Charli Wilson

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since Apr 07, 2013
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cat chicken urban
Derbyshire, UK
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Recent posts by Charli Wilson

Greenhouse is slooooowly being built! I now have most of a timber frame (still need an east-facing wall though)



Had troubles with the timber yard. First they 'ran into traffic' so couldn't deliver (my house is less than a mile from the yard, so that's some impressive traffic). Then they delivered the wrong stuff, twice. But oh well.

Need to buy some more materials- as in the plastic sheeting for the base, and the polycarbonate for the roof- just got to wait for payday!
1 week ago
Once built a garden can be really low maintenance- it is the building taking up time that I struggle with! My garden has similar features to this once (but is twice the size)- and I don't spend anywhere near that much time on it for most of the year (seed starting aside)

I keep 6 chickens and spend about 10 mins a day sorting out food and letting them in/out. Then another 20 mins once a fortnight to clean out the coop. I buy food/bedding once a year and it takes about 20 mins. So  i'm only averaging 12 minutes a day. I do spend longer than this just watching them.. but that isn't mandatory.

Ponds can be mega amounts of work (think ornamental koi ponds) or minimal (my small wildlife ponds- I drag foliage out of it once a year and it takes about half an hour)
1 week ago
I don't have quite a smany eggs as you as I only have 6 laying hens! But I like my egg helter-skelter (https://www.amazon.co.uk/AllRight-Chrome-Storage-Helter-Skelter/dp/B01BIPM7WE)- though mine is taller than this example. You have way more eggs, but would a larger diy model suit?
Oldest eggs are always at the bottom! I sell a few half dozen eggs a week- so just take them from the bottom to fill the egg cartons as they are sold. Any in cartons are always stacked with the oldest at the bottom- so when we sell- sell the bottom carton first.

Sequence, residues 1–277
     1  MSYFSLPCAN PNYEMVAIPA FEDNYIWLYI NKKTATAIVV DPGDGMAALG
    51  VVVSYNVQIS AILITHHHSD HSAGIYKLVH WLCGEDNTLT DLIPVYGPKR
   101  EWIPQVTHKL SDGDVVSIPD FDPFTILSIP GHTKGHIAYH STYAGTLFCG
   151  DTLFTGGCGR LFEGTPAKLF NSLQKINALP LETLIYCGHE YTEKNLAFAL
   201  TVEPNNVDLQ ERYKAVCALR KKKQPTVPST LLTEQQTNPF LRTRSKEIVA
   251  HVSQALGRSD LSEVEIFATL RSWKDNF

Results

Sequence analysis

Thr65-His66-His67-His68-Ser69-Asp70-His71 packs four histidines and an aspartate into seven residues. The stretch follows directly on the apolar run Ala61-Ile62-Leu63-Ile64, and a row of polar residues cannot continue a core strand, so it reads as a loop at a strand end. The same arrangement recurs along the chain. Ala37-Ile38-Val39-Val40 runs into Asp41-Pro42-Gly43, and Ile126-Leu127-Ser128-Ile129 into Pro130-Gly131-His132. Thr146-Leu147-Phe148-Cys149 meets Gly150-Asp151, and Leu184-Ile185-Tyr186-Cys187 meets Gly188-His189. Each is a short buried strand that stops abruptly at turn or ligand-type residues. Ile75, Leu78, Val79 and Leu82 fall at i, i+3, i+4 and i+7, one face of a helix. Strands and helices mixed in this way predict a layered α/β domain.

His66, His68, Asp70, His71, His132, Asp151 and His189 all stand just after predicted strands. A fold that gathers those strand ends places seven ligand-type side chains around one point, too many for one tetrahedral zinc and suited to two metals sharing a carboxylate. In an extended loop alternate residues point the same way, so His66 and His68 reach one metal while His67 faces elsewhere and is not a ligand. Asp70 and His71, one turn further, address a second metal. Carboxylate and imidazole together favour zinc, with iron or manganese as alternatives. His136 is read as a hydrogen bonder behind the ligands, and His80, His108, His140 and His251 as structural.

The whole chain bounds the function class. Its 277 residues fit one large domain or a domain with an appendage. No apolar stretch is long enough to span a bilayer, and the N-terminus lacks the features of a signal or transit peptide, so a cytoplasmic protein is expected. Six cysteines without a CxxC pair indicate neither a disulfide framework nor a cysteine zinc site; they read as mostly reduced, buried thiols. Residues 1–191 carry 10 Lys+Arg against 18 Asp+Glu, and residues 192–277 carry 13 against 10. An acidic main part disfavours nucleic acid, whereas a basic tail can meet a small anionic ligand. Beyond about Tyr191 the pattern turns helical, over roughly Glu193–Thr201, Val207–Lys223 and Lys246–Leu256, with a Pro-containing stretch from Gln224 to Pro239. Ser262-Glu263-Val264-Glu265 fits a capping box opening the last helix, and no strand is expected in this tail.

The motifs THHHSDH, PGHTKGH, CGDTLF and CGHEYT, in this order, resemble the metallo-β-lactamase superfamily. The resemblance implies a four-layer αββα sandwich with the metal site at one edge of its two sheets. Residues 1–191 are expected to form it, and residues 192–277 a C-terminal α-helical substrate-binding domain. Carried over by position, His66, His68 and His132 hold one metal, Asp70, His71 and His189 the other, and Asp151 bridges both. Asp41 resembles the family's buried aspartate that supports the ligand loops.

My helter skelter is nowhere near sized right for my eggs- mine are all far too large and you have to manually move them down the rails.

3 weeks ago
Thanks for your comments! I shall go ahead and build my roof in those dimensions I think, if it doesn't seem hefty enough once built it would be easy enough to add another rather in (so they would be 1m apart)- I won't order the polycarbonate until the frame was up.

I'm hoping with the SCHS there would be less condensation... but I couldn't find a way of not using timber. I did look at the recycled plastic lumber, but most of it appears to be none-structural so I assumed I couldn't use it for rafters. And I couldn't find a self-supporting aluminium frame that would work with a peak and polycarbonate (could find them for glass roofs for conservatories, but not for polycarbonate).

As I was going to put big raised beds inside my greenhouse (0.5m tall)- I was looking at using the recycled plastic sheet material as protection between my insulation and the soil (to stop me putting a spade through the insulation)- but it is really hard to get hold of! I can order in full pallets but I don't want 50 sheets for over £1K!
1 month ago
Yes Brian that should be inches- bizarrely here the wood is actually metric but everyone refers to the nearest inch sizes! So 4x2 would be 4 inches by 2 inches, or actually 100mm by 50mm.
1 month ago